Luckily, you do not need to check for these two composition rules all by yourself. There are tools that help you with it. Hemmingway App highlights hard to understand text in your article with suggestions how to improve it. Grammarly checks your text for mistakes as you write and offers alternative suggestions.

The Medium

Next to my general learning on writing, I also gained experience around product related topics and publishing them on Medium.

Telling the story right is as important as telling the right story

My topics come from what I am surrounded by at work. For my writing, I still need to give them a different spin, so that the stories do not read like a presentation at the office. For this, I need to become less product manager and more like John Oliver.

In his late night show Last Week Tonight, the comedian is explaining complicated, sometimes even tedious, topics in brief 15 minute episodes. He does this in an easy to understand and entertaining way, managing to make the topics relevant to the audience.

For writing about product it is thus worth getting inspiration from the masters of entertainment. This includes:

  • An introduction that makes the audience stick around
  • A story that is relevant, to the point, and at least somewhat entertaining to the target audience
  • An ending that puts your piece to a grateful end.

While I look for inspiration outside the office world, I also try to block some habits from within the workplace to enter my writing:

  • Too many facts: For readability’s sake, less is more. I consciously omit facts and information, even though they could further strengthen my point. For the reader to understand what I am saying, one supporting example is as good as five. And sometimes even that one example can be removed.
  • The full picture: I let go of the fear of being called out for missing information and resist the urge to cover any potential hole in my argument. If people object in the comments, let them. Adding clarifying sentences, just to be on the safe side, makes the article long and complicated. Again, readability and simplicity trumps completeness for me here.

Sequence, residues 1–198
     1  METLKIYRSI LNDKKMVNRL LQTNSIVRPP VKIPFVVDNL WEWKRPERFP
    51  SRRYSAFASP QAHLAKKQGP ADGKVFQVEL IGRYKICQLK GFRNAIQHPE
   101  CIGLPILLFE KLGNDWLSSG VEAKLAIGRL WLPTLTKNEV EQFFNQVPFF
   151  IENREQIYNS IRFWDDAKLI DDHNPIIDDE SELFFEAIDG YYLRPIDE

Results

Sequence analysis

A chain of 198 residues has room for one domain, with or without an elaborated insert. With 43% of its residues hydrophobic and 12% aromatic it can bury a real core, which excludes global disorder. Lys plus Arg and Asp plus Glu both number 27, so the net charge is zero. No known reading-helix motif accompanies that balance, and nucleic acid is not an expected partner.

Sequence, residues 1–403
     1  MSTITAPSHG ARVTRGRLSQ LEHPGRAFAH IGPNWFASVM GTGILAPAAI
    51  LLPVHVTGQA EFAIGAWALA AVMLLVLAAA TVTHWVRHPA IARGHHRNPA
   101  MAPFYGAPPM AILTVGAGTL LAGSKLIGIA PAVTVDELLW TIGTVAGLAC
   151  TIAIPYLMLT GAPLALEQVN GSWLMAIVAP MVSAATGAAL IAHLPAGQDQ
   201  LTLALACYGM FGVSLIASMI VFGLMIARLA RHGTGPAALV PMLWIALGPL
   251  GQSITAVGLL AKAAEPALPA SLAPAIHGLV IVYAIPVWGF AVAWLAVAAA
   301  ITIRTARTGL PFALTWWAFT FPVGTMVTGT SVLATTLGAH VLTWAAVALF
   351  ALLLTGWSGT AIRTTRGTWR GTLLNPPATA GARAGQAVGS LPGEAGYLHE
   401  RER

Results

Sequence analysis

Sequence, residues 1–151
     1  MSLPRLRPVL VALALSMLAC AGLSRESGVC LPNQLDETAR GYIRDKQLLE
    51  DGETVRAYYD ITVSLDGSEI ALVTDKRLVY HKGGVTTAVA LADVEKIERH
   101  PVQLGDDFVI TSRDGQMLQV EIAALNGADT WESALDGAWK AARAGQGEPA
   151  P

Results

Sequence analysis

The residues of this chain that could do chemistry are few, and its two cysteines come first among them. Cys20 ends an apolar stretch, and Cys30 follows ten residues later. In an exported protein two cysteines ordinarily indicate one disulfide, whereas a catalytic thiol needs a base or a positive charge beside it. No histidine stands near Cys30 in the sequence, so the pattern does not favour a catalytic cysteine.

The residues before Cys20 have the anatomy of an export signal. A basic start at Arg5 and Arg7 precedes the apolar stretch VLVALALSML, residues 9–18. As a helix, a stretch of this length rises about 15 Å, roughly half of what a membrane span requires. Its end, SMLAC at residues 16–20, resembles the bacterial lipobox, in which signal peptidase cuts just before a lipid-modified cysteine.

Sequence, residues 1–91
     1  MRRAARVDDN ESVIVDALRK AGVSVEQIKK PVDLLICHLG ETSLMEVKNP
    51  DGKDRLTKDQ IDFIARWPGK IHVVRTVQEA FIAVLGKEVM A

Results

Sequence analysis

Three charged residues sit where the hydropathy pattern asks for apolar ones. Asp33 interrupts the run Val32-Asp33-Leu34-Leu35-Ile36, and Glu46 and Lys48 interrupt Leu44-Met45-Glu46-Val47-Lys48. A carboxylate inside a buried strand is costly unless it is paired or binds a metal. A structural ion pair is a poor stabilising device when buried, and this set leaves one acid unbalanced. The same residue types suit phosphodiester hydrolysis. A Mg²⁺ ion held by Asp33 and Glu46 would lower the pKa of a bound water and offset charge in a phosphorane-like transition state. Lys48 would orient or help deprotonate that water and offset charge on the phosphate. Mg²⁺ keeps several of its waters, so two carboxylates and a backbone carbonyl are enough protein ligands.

Know whom you are writing for

When you are writing about product, you are writing for a wide range of disciplines — Designers, Developers, Product Managers, Founders, and the list goes on.


The Product People Pyramid from the view of someone writing about product management

You might speak to one or many of those groups depending on your topic. I try to think about which groups I am addressing with my article before I start writing, and then shape and structure it accordingly.

We are all part of the global product community, still I noticed that product organization’s tend to speak “local slang”. There are certain words (grooming vs. refinement vs. estimation) and tools (Slack vs. Hipchat vs. Skype) that readers from the outside will not understand, or at least won’t feel as familiar with as you. This breaks rapport with the audience and can be prevented by using more universal terms.

Medium.com is where our product tribe goes to read

To reach our product community in the first place, I have found Medium.com to be a good publishing vehicle. The platform gives your articles an audience even if you do not have many direct followers.

What also made me chose Medium is the ease of publishing and the beautiful article layout. If I had needed to setup and manage my own blog, I probably wouldn’t have started in the first place.

Once I am done writing, I found the following exercises helpful for generating views to my articles:

  • Thinking in traffic channels: Visitors come to your article from many different sources and it is good to make your post visible in many of them. Being featured in a publication is the most effective way to increase visibility on Medium itself. Publications aggregate content around specific topics from Medium writers and have a large follower base. While publications have to contact you through Medium to include your post, I stopped being shy about reaching out proactively — so far this worked out well for me.